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ABF E-Buzz: August 2014
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ABF E-Buzz — August 2014

In This Issue:

Welcome to ABF E-Buzz

by Tim Tucker, ABF President and ABF E-Buzz Editor 

August, with its clouds of scented blooms,

August, with its great stacks of giant clouds,

August, with corn plants standing like rows of soldiers,

August, with watermelons, full and heavy, dozing in the sun,


Mary Naylor

Welcome back! It's been a very tame August here in Kansas. We've had several days that broke record lows for the day and the nights have been cool enough to turn on the attic fan and cool the house for the whole day. We've saved a few dollars on the electric bill and it's been very nice.  We do have a forecast for warm weather for the next week, but highs are predicted for the mid-90’s. I had an opportunity last weekend to talk with the beekeepers in Omaha and spent the morning there in the extension office which is a beautiful facility. The day was well spent and it was great to see so many new beekeepers interested in learning.    

My last three hours of travel offered a view of one corn or soybean field after another. The corn looked to be nine feet tall and the ears were 18 inches long and fat as piglets. I am always impressed by the state of American agriculture today. With so much ground here in the Midwest and so many millions of acres of grain crops, there should be no one hungry in this country. Our technology has developed dramatically in many ways and we have pushed the boundaries on what we are able to do with different crops. It seemed like every twenty miles there were test plots with a dozen or more marked varieties of corn that were all picture perfect, all the same height within their variety. It's hard to imagine that any of these new varieties were in any way better than what is growing right now. It's just hard to imagine where all of this corn goes and just how we can process it all. I did see many soybean fields that were covered with pigweed that is now resistant to roundup which is why it will now be necessary to use 2-4-D modified seed to allow for a new treatment or perhaps a combo treatment. Then in ten or fifteen years that will no longer suffice and we will have superweeds that will require more herbicide. 

I read the other day that the world’s population will double in the next 36 years and the challenges with feeding that amount of people are not small. I wonder what new technologies will be utilized and whether they will be more sustainable in nature. There are days when I wish I had a   crystal ball to see things in the future. Will we meet our challenges and provide for a good life for 12 billion people or more? Will things fall apart causing starvation and calamity?   Whatever the outcome, it's going to be difficult for our bees. 

  I was glad to see an old friend at the meeting who had moved from Kansas to Omaha a few years back to be around his kids. When commenting about how he was getting along in his new locations he said “Gosh it's hard to keep bees alive up here.” He   recalled earlier days from years in Kansas where he didn't lose any bees during the winter and didn't have to buy packages every year. I said that yes, things have changed and changed dramatically.  The speaker before me was the apiary inspector from   Iowa. His report included the winter loss for Iowa last winter which reported a 62% winter loss. That's just amazing! It's really hard to rebuild from those kinds of losses and it's likely that many didn't. He reported on the Bee Informed Partnership report of     losses around 23% and noted that those were winter losses as well and that doesn't give the whole picture since beekeepers are losing bees during the spring, summer and fall as well. We have been seeing lots of colonies this summer that we just find     queen less and we know from earlier inspections a few weeks prior that the colony was fine. Some of these hives have drone laying workers, but many don't and that's something that we just didn't see years ago. We keep asking ourselves what are we    doing, or not doing that is causing young, newly installed queens that start out doing well but are just gone with the bees not replacing them? The  longer I do this the more questions I seem to have.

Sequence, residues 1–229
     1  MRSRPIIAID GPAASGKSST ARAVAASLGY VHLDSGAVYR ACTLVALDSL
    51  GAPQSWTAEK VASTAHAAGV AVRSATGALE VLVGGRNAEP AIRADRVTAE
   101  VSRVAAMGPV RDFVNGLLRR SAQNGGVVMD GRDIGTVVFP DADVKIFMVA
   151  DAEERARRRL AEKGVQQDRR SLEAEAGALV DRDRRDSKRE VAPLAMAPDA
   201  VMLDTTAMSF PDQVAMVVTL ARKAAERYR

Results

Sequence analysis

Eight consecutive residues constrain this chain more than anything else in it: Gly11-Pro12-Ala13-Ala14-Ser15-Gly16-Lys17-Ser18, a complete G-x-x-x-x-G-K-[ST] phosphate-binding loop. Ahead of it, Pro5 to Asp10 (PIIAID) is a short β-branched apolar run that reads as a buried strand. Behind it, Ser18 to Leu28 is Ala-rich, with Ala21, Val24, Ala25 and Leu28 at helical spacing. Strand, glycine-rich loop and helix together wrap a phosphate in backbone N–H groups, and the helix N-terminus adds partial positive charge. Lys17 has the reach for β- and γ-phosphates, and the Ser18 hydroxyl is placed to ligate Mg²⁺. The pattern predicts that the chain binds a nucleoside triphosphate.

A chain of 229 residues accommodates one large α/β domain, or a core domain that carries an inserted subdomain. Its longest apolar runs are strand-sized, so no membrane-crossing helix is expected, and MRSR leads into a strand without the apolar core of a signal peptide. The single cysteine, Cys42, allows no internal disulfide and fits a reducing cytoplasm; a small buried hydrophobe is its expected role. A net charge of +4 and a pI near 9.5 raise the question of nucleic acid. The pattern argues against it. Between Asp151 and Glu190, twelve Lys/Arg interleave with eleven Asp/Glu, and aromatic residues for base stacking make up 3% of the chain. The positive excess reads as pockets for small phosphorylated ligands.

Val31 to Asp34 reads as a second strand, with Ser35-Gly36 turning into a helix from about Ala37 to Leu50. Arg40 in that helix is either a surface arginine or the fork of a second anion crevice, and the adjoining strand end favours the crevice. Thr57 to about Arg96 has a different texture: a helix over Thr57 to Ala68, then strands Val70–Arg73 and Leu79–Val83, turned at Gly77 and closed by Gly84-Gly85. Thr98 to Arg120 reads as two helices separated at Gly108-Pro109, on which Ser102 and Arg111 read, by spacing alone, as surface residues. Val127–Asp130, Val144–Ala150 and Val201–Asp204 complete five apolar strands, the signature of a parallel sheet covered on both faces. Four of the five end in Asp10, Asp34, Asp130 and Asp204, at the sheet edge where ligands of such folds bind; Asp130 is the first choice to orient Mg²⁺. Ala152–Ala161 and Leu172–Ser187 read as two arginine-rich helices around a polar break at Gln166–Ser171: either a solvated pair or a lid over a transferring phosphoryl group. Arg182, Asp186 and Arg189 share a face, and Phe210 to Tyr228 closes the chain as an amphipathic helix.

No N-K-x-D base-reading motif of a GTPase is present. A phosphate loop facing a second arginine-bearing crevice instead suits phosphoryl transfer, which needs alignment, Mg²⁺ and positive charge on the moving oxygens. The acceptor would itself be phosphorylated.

On another note, I'm seeing a lot more hive beetles this year than at any time in the past. I don't know if it's the new genetics we are using in our queens or the weather. It may be that with the cooler and more humid conditions have benefited them and  they are just taking advantage. While we are still not seeing any slimed units we do see many running beetles when we pull lids and inner covers. It usually takes a couple of minutes to run these guys down and squash them and there's always a few that  get away. Just something that takes a little more time when doing inspections.   

 I also heard reports that much of South Dakota and Iowa have received twice their normal rainfall for the year and some beekeepers have extracted and put supers back on. Reports are that they are getting ready to do a second pull and extract again.  One person said that the only thing that is going to stop the flow is frost so it's nice to hear that beekeepers that do have good bees are doing well. It would be great to hear of a year where we could have a good increase in honey production.